Former High Court judge Michael Kirby has called for more awareness about elder abuse in the LGBTIQ community.
Kirby said that abuse for ageing LGBTIQ people was often psychological, “an abuse of the mind.”
“It’s sometimes an abuse of low self-esteem… People who are LGBTIQ have gone through their lives doing a deal with society,” Kirby told ABC Radio National.
“That deal was that they would pretend to be straight so that they didn’t upset the majority and they didn’t suffer from the criminal and other laws that were against them.
“It’s that confusion of the mind that’s harder to get out. You can change the law but it doesn’t change the attitude that people have, both gay people and those people who look after them.”
Kirby said homophobia had dramatically decreased in society in his lifetime but the same-sex marriage postal survey had prompted a range of “extremely hurtful” comments to be made.
The process also highlighted to LGBTIQ people that a significant amount of people in Australia don’t recognise their relationships, he said.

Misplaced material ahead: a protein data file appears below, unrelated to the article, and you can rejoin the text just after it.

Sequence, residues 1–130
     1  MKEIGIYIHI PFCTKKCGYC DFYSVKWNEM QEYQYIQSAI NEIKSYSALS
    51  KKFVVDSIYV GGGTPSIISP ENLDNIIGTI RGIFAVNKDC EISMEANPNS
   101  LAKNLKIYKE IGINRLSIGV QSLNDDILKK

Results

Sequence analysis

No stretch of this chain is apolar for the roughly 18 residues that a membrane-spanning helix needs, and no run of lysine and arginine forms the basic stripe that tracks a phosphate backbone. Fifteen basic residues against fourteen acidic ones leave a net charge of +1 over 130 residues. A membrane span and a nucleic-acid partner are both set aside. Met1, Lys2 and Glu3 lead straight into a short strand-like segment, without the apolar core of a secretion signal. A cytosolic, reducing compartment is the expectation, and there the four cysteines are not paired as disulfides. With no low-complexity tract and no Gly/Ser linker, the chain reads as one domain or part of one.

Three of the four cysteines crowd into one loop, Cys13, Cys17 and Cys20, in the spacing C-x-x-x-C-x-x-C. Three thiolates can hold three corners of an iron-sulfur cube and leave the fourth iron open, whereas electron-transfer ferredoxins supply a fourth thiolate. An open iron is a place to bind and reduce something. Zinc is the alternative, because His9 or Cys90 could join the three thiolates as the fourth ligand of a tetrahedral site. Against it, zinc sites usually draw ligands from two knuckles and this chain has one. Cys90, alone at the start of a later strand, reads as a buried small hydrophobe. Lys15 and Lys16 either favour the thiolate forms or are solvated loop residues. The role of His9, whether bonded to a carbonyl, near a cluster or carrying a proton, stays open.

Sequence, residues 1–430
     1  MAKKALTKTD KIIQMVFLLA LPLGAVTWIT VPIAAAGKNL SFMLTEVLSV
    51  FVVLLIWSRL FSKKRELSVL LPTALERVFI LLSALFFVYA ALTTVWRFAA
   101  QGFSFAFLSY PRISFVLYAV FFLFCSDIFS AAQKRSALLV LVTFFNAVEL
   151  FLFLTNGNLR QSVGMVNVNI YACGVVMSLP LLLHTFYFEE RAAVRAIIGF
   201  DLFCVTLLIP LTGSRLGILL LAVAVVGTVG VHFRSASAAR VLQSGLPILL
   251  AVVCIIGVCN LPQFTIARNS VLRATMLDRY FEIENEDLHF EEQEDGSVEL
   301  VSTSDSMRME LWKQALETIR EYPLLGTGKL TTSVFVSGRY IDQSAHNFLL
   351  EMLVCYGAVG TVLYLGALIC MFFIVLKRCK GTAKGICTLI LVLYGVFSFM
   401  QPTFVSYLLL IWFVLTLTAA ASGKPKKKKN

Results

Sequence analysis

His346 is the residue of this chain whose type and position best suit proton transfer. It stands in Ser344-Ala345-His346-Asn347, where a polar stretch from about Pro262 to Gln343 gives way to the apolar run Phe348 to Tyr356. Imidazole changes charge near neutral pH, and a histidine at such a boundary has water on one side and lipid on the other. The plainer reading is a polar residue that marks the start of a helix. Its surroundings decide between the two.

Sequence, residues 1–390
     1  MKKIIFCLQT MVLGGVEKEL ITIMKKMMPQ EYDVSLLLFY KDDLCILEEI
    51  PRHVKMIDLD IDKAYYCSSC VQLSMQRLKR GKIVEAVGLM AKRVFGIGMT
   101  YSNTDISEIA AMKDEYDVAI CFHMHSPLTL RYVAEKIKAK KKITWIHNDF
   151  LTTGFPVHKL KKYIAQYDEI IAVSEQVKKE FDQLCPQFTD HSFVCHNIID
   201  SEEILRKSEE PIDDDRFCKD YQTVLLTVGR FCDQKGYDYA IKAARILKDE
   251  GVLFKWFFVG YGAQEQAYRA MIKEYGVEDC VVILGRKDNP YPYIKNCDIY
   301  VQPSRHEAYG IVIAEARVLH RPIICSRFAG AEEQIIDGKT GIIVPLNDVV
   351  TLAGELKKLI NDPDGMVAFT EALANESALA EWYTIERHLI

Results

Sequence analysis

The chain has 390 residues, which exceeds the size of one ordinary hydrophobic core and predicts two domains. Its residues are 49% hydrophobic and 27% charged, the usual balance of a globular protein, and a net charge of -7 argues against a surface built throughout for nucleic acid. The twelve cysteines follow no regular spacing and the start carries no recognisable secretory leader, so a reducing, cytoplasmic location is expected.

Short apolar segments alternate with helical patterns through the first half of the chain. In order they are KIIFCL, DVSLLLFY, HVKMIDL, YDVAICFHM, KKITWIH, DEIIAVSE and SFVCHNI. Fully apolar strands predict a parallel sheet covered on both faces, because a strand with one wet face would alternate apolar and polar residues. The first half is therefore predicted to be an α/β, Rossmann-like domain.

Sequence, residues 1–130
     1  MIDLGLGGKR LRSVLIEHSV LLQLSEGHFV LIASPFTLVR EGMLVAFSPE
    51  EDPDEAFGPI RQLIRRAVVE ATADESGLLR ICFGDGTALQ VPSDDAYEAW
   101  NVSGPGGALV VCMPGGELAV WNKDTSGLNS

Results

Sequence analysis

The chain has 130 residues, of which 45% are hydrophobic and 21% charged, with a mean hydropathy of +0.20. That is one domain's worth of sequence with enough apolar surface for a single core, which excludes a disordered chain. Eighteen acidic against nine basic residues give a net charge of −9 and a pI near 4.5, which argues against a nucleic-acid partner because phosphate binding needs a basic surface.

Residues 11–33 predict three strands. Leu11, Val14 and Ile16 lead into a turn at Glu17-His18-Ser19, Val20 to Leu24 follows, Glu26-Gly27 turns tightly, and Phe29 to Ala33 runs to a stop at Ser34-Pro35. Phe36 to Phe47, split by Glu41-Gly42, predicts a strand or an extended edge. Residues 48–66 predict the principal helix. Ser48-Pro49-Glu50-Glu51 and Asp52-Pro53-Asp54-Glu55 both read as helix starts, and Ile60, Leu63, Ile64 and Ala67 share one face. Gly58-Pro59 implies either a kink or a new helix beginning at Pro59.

“We didn’t do it in the way we normally do it the way we deal with changing a law… [the survey] was an extra hurdle that had to be jumped,” he said.
“Thirty eight per cent of the people still voted against it. People say, ‘Oh what a wonderful result that was,’ but I don’t think it was all that wonderful.
“It was good that it came to the right conclusion, but the process was a very flawed process.
“It was a form of elder abuse, and certainly of LGBTIQ abuse, that they were singled out for this special treatment.”
Kirby said he was concerned about the Ruddock religious freedom review and the threat of the rollback of anti-discrimination laws, particularly those preventing aged care providers receiving government funding from discriminating against LGBTIQ elders.
He added that while the law may protect the LGBTIQ people from discrimination, staff working in aged care may still be discriminatory in their behaviour.
“You can have a law that says one thing, but there is then the issue of social habits and attitudes of staff and of families and all of this requires education in the community, and familiarity with just who are the gay minority,” he said.
“We’ve still got a bit of a journey to make in these matters, and of course it’s very important for people to feel comfortable, safe and accepted in their environment.”
Kirby spoke at the 5th National Elder Abuse Conference in Sydney about the issue on Tuesday.
The federal government has announced it will formulate a national plan to combat the issue of elder abuse, and plan to release a draft plan by the end of the year.
(Photo by SashaHMP/Wikimedia Commons)